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### #ActualTrienco

Posted 05 February 2013 - 11:27 PM

Since const correctness still comes across as something that's "nice but not mandatory", let's look at things that will fail if you don't write const correct code.

First, the one thing that can really get me mad: people writing interfaces/APIs using char* instead of const char*.

void parseString(char* str) { ... }

std::string text;
parseString(text.c_str()); //Fail, as c_str() returns const char*


While these have a simple workaround, it can still be annoying

void analyseObject(MyClass& obj) { ... }

analyseObject( MyClass(a,b,c) ); //Fail, temporary variables are r-values and const


struct MyClass {
void print() {...}
}

MyClass(a,b,c).print(); //Fail, temporary = const


To clarify the observable effects of ignoring the Rule of Three, because unlike missing const correctness, this won't conveniently fail to compile in the first place:

struct MyClass
{
int* data;
MyClass() : data(new int) {}
~MyClass() { delete data; }
};

vector<MyClass> v;
v.push_back(MyClass()); //Fuse is lit
cout << v.front().data; //Fail
v.clear(); //Fail

void function(MyClass a) { ... }



Let's ignore compilers optimizing out the temp variable or using move semantics, since you can't rely on it.

First example creates a temporary instance, then creates a copy in the vector (which just stupidly copies the pointer). The temporary goes out of scope and deletes data. The next line accesses data that was just deleted. You will see either garbage (kind of helpful), crash with an access violation (very helpful) or it will just seem to "work fine" (dangerous), as the memory will most likely not have been overwritten yet.

Then we clear the vector and delete the instance in it. Now data is deleted a second time. If you are lucky, your application will crash.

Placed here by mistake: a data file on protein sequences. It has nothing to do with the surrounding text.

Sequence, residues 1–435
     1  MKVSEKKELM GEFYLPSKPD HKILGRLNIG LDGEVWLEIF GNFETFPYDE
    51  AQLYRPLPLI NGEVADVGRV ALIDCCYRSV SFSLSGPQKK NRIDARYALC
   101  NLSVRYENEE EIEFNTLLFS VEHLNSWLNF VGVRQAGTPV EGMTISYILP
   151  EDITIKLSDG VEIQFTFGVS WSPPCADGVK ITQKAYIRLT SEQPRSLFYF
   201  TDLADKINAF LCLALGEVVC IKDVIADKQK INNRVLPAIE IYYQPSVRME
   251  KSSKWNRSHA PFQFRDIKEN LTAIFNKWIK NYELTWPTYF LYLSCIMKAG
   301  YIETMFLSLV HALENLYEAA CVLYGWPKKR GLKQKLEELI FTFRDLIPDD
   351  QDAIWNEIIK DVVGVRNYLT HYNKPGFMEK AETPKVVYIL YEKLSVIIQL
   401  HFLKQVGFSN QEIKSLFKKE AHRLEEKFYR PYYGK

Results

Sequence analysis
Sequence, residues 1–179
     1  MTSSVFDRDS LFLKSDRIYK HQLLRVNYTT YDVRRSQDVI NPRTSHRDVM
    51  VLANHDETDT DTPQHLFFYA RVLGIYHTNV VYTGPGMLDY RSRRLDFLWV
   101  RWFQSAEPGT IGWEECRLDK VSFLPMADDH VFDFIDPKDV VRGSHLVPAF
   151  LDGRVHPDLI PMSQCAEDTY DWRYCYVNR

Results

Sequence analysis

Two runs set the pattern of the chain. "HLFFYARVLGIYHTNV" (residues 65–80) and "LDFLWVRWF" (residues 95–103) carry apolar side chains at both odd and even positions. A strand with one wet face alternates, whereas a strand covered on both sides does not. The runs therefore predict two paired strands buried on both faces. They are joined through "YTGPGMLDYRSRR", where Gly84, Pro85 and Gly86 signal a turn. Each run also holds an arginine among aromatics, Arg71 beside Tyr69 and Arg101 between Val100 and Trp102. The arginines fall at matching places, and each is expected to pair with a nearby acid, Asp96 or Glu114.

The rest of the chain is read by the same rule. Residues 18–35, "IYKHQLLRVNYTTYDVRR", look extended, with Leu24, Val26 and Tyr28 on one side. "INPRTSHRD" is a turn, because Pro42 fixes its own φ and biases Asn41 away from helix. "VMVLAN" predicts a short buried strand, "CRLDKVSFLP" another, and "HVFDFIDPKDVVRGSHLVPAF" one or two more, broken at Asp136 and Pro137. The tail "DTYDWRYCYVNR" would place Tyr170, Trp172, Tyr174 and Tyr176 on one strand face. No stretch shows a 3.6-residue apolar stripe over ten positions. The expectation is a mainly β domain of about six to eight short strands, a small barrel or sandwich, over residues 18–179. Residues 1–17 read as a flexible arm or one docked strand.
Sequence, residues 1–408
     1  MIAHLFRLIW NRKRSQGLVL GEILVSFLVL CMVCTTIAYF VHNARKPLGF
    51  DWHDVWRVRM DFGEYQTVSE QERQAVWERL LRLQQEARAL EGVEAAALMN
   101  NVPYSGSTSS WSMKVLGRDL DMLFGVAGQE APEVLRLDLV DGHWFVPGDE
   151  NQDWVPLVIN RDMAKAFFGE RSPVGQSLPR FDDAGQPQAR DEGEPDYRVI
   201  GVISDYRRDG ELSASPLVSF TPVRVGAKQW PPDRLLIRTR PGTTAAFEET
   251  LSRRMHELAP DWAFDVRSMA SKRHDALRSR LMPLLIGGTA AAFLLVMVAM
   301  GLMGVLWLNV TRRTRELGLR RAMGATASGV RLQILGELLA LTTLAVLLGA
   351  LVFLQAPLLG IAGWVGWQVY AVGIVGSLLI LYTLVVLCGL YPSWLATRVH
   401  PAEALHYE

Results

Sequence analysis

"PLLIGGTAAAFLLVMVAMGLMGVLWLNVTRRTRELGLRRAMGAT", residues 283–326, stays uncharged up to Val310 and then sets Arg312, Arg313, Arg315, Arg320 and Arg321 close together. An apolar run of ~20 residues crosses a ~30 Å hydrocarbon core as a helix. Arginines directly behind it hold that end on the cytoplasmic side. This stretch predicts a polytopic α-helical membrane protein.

The second example looks harmless, but does pretty much the same. To call the function, you create a copy. When the function returns, this copy is destroyed and deletes your data. The original object is now in an invalid state with data pointing to deleted data. Any access will hopefully crash and when the original object goes out of scope, the memory is attempted to be deleted a second time.

Why is crashing the best case scenario? Because it is hard to miss and clearly tells you there is a bug. The same bug could result in working "just fine" most of the time, but returning strange values on every odd Thursday during full moon. This can cost you days or weeks just trying to reproduce the bug and tracking it down.

### #1Trienco

Posted 05 February 2013 - 11:26 PM

Since const correctness still comes across as something that's "nice but not mandatory", let's look at things that will fail if you don't write const correct code.

First, the one thing that can really get me mad: people writing interfaces/APIs using char* instead of const char*.

void parseString(char* str) { ... }

std::string text;
parseString(text.c_str()); //Fail, as c_str() returns const char*


While these have a simple workaround, it can still be annoying

void analyseObject(MyClass& obj) { ... }

analyseObject( MyClass(a,b,c) ); //Fail, temporary variables are r-values and const


struct MyClass {
void print() {...}
}

MyClass(a,b,c).print(); //Fail, temporary = const


To clarify the observable effects of ignoring the Rule of Three

struct MyClass
{
int* data;
MyClass() : data(new int) {}
~MyClass() { delete data; }
};

vector<MyClass> v;
v.push_back(MyClass()); //Fuse is lit
cout << v.front().data; //Fail
v.clear(); //Fail

void function(MyClass a) { ... }



Let's ignore compilers optimizing out the temp variable or using move semantics, since you can't rely on it.

First example creates a temporary instance, then creates a copy in the vector (which just stupidly copies the pointer). The temporary goes out of scope and deletes data. The next line accesses data that was just deleted. You will see either garbage (kind of helpful), crash with an access violation (very helpful) or it will just seem to "work fine" (dangerous), as the memory will most likely not have been overwritten yet.

Then we clear the vector and delete the instance in it. Now data is deleted a second time. If you are lucky, your application will crash.

The second example looks harmless, but does pretty much the same. To call the function, you create a copy. When the function returns, this copy is destroyed and deletes your data. The original object is now in an invalid state with data pointing to deleted data. Any access will hopefully crash and when the original object goes out of scope, the memory is attempted to be deleted a second time.

Why is crashing the best case scenario? Because it is hard to miss and clearly tells you there is a bug. The same bug could result in working "just fine" most of the time, but returning strange values on every odd Thursday during full moon. This can cost you days or weeks just trying to reproduce the bug and tracking it down.

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